Envy was first published in German in 1966, then in an English translation in 1970. This classic study is one of the few books to explore extensively the many facets of envy--"a drive which lies at the core of man's life as a social being." Ranging widely over literature, philosophy, psychology, and the social sciences, Professor Schoeck--a distinguished sociologist and anthropologist--elucidates both the constructive and destructive consequences of envy in social life. Perhaps most importantly he demonstrates that not only the impetus toward a totalitarian regime but also the egalitarian impulse in democratic societies are alike in being rooted in envy.
“The utopian desire for an egalitarian society cannot, however, have sprung from any other motive than that of an inability to come to terms with one’s own envy, and/or with the supposed envy of one’s less well-off fellow men. It must be obvious how such a man, even if only prompted by his unconscious, would carefully evade the phenomenon of envy or try to belittle it!” ― Helmut Schoeck, Envy
Envy’s combination of thorough scholarship and dispassionate, readable style lends its arguments compelling weight and makes it the best treatment of envy available. A smashing refutation of egalitarianism’s view of human nature and its utopian delusions, Envy is a must for all friends of liberty and civilization. His care in arguing envy’s positive aspects renders Schoeck impervious to charges of polemicism. Hence his criticisms of envy and his foreboding observations about modern times are all the more powerful. Widespread study of Envy would do much to combat the evils of its subject, and hopefully lead many to concur in its conclusion: "The time has surely come when we should stop behaving as though the envious man was the main criterion for economic and social policy." - John Attarian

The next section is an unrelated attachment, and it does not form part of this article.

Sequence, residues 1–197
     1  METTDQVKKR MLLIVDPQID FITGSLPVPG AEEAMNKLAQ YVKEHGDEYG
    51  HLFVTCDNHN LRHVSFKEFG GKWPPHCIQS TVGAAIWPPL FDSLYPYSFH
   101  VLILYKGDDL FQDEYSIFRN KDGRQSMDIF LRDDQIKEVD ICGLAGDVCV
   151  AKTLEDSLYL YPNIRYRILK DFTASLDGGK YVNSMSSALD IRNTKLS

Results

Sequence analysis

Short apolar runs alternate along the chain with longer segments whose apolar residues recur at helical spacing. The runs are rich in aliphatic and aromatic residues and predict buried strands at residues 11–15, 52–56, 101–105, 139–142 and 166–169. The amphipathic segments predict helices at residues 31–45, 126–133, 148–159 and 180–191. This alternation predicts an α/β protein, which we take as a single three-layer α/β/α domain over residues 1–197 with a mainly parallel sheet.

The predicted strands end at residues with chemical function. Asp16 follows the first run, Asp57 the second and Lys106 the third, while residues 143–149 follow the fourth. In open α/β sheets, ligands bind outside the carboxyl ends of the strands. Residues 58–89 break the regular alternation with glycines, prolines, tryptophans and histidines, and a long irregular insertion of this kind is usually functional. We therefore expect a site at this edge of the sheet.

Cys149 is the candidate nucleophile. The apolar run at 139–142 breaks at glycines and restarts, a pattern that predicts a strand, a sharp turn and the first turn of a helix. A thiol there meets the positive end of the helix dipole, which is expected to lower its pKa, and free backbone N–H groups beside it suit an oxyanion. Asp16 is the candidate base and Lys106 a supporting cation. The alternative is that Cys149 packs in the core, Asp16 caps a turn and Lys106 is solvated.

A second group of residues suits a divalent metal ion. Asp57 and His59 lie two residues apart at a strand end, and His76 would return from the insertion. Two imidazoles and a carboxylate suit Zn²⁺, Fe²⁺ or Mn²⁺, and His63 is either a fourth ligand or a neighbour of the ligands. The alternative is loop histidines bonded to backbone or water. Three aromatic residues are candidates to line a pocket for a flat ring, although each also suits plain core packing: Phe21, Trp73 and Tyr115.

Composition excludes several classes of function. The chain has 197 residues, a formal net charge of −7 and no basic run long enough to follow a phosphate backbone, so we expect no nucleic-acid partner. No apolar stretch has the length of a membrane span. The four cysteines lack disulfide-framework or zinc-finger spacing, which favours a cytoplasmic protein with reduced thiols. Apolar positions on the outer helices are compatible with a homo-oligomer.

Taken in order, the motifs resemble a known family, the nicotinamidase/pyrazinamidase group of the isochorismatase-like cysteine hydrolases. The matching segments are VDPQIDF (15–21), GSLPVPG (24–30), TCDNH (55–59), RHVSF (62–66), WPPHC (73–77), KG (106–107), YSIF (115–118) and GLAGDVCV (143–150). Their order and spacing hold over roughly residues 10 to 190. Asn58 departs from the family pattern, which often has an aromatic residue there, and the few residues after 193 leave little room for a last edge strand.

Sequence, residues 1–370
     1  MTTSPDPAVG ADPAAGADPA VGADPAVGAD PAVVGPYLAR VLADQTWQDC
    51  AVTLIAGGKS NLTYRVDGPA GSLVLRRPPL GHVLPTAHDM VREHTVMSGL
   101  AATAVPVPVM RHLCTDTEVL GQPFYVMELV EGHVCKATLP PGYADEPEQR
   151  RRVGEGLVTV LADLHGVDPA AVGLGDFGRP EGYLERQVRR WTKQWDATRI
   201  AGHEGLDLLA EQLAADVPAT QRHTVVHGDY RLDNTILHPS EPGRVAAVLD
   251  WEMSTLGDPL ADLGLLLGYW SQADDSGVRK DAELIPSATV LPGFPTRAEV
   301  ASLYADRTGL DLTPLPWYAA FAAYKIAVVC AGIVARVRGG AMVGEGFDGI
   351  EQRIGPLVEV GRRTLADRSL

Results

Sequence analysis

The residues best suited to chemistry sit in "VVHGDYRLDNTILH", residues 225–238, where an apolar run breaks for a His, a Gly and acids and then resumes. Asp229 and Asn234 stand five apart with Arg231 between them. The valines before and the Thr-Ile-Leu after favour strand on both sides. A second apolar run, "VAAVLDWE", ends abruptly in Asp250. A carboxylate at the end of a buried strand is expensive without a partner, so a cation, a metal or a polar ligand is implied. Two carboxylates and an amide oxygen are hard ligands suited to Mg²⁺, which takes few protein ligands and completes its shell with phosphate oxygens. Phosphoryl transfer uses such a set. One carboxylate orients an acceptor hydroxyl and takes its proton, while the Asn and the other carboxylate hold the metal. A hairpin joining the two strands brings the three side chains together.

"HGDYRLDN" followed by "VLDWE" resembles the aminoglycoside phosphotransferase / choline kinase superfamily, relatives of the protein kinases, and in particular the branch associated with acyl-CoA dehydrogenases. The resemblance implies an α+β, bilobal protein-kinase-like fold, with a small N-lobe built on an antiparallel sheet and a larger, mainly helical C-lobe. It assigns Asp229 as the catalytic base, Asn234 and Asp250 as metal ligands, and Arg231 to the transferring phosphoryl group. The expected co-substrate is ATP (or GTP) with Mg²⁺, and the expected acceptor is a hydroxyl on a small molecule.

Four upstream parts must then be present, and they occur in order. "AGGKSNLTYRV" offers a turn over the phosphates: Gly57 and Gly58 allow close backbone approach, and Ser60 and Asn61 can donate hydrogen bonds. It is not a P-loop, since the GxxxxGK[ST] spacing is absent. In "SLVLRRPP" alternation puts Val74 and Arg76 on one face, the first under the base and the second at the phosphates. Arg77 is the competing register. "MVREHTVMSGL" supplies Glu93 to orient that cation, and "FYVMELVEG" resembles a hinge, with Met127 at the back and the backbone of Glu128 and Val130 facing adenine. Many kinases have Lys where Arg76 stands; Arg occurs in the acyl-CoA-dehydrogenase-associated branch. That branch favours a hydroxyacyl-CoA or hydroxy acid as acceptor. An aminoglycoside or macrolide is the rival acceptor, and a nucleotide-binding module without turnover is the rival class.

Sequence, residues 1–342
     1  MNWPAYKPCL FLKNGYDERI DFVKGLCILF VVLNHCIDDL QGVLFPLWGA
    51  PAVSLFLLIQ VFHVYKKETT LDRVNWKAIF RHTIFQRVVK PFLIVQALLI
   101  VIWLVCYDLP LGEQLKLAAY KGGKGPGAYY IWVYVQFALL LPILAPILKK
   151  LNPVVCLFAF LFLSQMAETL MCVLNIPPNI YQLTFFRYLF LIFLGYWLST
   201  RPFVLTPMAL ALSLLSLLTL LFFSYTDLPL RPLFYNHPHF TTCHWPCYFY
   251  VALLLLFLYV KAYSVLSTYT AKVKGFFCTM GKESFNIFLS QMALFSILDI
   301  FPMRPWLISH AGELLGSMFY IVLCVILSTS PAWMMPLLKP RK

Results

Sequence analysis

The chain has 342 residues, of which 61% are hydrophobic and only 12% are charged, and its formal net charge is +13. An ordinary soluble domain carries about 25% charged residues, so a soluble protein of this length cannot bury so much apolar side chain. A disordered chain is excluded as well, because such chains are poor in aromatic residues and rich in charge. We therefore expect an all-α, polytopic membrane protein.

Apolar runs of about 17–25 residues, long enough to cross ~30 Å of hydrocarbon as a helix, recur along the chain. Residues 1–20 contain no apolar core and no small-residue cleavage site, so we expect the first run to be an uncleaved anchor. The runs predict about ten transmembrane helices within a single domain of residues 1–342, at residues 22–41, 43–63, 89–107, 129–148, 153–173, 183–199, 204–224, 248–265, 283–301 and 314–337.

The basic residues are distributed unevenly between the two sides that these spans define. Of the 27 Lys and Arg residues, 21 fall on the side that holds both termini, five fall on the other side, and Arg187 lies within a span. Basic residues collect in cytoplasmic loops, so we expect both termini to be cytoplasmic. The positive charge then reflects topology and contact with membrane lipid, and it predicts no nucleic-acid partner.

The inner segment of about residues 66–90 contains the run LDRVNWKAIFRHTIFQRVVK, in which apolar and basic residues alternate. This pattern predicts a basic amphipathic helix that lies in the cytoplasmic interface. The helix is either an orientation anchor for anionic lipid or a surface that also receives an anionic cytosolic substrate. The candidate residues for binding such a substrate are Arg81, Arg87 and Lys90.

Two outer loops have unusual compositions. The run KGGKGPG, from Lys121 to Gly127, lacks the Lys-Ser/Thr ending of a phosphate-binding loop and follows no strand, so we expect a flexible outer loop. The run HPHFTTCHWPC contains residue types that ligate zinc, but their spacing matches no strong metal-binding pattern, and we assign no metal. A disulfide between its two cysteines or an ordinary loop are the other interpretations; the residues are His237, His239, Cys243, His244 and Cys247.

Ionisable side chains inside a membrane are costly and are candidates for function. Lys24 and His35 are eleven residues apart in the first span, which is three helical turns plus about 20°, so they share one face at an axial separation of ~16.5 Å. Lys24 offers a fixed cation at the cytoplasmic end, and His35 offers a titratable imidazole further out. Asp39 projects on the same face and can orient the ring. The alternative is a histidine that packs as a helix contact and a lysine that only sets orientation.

Helmut Schoeck (1922-1993) was an Austrian-German sociologist and writer, best known for his work "Envy. A Theory of Social Behaviour" (Der Neid. Eine Theorie der Gesellschaft).
Schoeck, born in Graz, spent his early years in Baden-Württemberg, finishing high school in Ludwigsburg. He then studied medicine, philosophy and psychology at the universities of Munich and Tubingen. With a dissertation on Karl Mannheim, Schoeck would obtain his doctorate under Eduard Spranger.
For fifteen years, starting in 1950, Schoeck would work as a professor at various U.S. universities. In 1953, he taught philosophy at Fairmont State College, followed by a two-year stint at Yale. At Emory University he was awarded a full professorship in sociology. During the 1950s, Schoeck published some works in German, and translated Joachim Wach's Sociology of Religion into German.
In 1965, Schoeck returned to Germany, where he obtained a chair in sociology at the Johannes Gutenberg University in Mainz, which he would occupy until his retirement in 1990.
Schoeck gained international fame with his book Der Neid. Eine Theorie der Gesellschaft (Envy. A Theory of Social Behaviour), which was published in 1966 (the English translation appeared in 1969). Written without a great deal of technical jargon, the book would receive widespread appreciation, even outside the academic community. The book became something of a best-seller, and was translated into more than ten languages.
A polemicist against the New Left movements of the 1960s, Schoeck citicized their ideas from a conservative-liberal viewpoint. The egalitarian and anti-capitalist mentality of the leftish generation was the especial target of Schoeck's attacks.
Schoeck, who was also a columnist of the Welt am Sonntag for twenty years, died of cancer in 1993.